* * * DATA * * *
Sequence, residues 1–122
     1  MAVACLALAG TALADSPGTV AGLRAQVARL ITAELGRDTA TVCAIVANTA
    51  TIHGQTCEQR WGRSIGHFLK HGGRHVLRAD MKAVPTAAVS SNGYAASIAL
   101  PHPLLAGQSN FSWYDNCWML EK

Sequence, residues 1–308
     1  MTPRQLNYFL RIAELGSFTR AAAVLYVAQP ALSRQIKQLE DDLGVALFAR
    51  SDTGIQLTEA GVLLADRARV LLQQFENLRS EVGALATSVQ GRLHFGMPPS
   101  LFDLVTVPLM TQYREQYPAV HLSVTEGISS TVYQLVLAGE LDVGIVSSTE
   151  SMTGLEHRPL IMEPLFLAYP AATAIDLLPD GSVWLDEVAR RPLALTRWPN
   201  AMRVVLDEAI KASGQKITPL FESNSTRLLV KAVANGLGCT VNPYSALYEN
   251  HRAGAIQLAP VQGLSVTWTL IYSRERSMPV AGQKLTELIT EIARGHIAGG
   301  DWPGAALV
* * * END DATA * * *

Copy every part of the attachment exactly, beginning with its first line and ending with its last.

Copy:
Sequence, residues 1–122
     1  MAVACLALAG TALADSPGTV AGLRAQVARL ITAELGRDTA TVCAIVANTA
    51  TIHGQTCEQR WGRSIGHFLK HGGRHVLRAD MKAVPTAAVS SNGYAASIAL
   101  PHPLLAGQSN FSWYDNCWML EK

Sequence, residues 1–308
     1  MTPRQLNYFL RIAELGSFTR AAAVLYVAQP ALSRQIKQLE DDLGVALFAR
    51  SDTGIQLTEA GVLLADRARV LLQQFENLRS EVGALATSVQ GRLHFGMPPS
   101  LFDLVTVPLM TQYREQYPAV HLSVTEGISS TVYQLVLAGE LDVGIVSSTE
   151  SMTGLEHRPL IMEPLFLAYP AATAIDLLPD GSVWLDEVAR RPLALTRWPN
   201  AMRVVLDEAI KASGQKITPL FESNSTRLLV KAVANGLGCT VNPYSALYEN
   251  HRAGAIQLAP VQGLSVTWTL IYSRERSMPV AGQKLTELIT EIARGHIAGG
   301  DWPGAALV